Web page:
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Since I could not find any reference to this arrangement I will boldly call this the
"Klingemann Prime Number Spiral". Please contact me if you have any objections or find the error. You can also use this flickr page to comment |
Wheel of Primes
Foreword: after reading some comments by people who actually know what they are doing in this field I have realized that I was blinded by the beauty of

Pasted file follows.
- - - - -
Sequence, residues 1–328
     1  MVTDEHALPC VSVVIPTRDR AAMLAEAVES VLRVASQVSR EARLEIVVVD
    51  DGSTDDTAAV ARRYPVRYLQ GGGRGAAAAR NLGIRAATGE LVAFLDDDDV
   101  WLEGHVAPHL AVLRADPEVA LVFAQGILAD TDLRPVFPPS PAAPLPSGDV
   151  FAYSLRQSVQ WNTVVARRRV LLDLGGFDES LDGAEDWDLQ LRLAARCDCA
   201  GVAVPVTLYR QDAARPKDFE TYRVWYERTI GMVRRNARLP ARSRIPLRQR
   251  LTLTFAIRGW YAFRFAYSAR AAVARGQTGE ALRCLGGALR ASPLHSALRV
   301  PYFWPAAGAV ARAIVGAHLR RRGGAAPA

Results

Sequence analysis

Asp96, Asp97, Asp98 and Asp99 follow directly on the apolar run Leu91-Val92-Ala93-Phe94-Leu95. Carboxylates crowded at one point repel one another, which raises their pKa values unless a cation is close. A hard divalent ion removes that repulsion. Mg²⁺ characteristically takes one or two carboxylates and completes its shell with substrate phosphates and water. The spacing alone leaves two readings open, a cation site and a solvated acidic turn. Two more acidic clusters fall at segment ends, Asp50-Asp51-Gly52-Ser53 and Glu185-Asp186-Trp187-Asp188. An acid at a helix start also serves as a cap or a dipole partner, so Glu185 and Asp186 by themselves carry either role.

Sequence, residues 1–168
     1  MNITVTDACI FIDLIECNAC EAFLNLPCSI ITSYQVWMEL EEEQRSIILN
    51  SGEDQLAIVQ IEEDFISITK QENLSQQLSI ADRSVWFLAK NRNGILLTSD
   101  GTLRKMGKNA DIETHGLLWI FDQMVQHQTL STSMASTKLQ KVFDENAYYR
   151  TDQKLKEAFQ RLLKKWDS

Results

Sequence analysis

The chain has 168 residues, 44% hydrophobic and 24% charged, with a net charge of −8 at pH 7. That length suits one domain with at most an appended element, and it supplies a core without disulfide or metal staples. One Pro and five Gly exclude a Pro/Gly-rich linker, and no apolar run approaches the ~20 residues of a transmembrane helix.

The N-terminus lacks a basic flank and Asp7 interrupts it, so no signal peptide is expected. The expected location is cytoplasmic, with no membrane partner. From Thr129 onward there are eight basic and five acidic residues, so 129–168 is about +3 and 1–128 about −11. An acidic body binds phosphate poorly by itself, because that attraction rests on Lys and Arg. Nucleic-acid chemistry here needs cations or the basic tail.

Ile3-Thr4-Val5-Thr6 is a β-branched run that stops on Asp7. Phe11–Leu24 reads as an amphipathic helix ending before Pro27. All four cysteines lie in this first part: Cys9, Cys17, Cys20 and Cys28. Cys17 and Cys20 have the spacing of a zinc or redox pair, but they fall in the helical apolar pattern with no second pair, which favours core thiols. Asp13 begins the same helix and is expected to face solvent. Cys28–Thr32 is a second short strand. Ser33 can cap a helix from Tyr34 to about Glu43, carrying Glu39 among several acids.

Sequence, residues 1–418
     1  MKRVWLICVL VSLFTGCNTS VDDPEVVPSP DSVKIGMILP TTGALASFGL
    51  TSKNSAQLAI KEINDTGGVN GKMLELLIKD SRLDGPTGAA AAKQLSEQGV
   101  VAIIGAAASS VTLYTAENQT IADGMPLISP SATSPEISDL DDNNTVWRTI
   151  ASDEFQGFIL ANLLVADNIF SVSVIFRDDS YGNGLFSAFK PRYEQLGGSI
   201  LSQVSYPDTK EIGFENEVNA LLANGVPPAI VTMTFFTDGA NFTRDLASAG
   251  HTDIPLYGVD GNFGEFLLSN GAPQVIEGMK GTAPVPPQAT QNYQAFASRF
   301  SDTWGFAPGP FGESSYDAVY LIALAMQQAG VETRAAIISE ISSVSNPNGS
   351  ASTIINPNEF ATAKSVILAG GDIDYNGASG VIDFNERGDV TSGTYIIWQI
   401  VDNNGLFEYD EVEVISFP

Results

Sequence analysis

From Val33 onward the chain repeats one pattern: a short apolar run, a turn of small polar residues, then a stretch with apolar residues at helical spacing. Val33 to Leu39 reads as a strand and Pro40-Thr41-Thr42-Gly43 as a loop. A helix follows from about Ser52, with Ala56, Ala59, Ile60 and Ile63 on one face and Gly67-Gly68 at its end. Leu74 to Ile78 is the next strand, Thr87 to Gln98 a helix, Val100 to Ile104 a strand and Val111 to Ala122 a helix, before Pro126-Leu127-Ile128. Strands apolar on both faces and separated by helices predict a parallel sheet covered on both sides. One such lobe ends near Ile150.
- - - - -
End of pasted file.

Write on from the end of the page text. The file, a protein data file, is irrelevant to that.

the arrangement and overlooked the actual facts. So in the end these "discoveries" are another chapter of my talent in reinventing wheels. I will leave this earlier text here anyway, as a reminder for myself to do the full research first and then the boasting:Whilst experimenting with variations of the Ulam Spiral and the Sacks Spiral I came across a kind of visualization of prime numbers that to my knowledge is new, at least until now I could not find any references to it. The surprising result is that when you align the natural numbers along a Fermat spiral and use an advance angle of (461 * PI ) / 600 apparently all prime numbers end up lying on one of 160 possible linear rays. Those rays can furthermore be grouped by their angles into 20 groups of 8 rays each. I first wrote a little application that allowed me to quickly change the rotation angle of the spiral onto which I map the prime numbers. When continiuously changing the angle you quickly notice that there strands or spokes start forming in this cloud and by approaching the right rotation angle those spokes do line up in a straight line. Here is the app so you can try it yourself: Primeverse. The app has several keyboard commands: [SPACE] halts the rotation [I] reverts the rotation [LEFT]/[RIGHT] manual rotation (when paused) [UP]/[DOWN] increase/decrease rotation speed [R] Randomize angle Further investigation revealed that the whole geometric arrangement can be extremely simplified into a simple formula that allows to test very quickly if a given number is not a prime number. The reasoning is that since all prime numbers lie on one of the rays every number that does not end up on a ray cannot be a prime number. But, as one can see in the diagram also numbers that are not prime can land on one of the rays, so what cannot be determined by this method if a number that lands on one of the rays is indeed a prime number. I have turned my observations into the following if n is a prime number > 5 the term (11 * n) mod 30 will result in exactly one of these 8 numbers: 1, 7, 11, 13, 17, 19, 23 or 29 Here is a function that will always return true if n is a prime. But if it returns true there is still an Example: going through the first 1,000,000 natural numbers there are 78499 prime numbers, the function finds all of them but also reports additional 188171 false positives. function isProbablyAPrime( n:Number):Boolean{ var primeAngles:Array = [1,7,11,13]; var angle:Number = (11 * n) % 30; for each ( var primeAngle:Number in primeAngles ) if ( primeAngle == angle || primeAngle == 30 -angle) return true; return false; } I have turned this algorithm into an interactive visualization of the underlying principle: A wheel gets split up into 30 sectors so each covers an angle of 20°. The wheel resembles the "modulo 30". Each sector gets numbered in clockwise order from 0 to 29 and a marker is added at its outer center. The 8 "magic" numbers get highligted in white. On top of the wheel lies a horizontal number line which has markers in the same distance as the markers on the circumference of the wheel. All natural numbers > 5 are added in inreasing order on every 461st marker, resembling the factor 461. Starting by lining up the "6" on the wheel with the "6" on the bar it becomes apparent that when the bar rolls along the wheel every prime number on it (which is highlighted in white) will always align with a white marker on the wheel. As you can also see also non-prime numbers will sometimes line up with a white marker, but so far there is no evidence that there is any prime number that will not line up with a white marker. |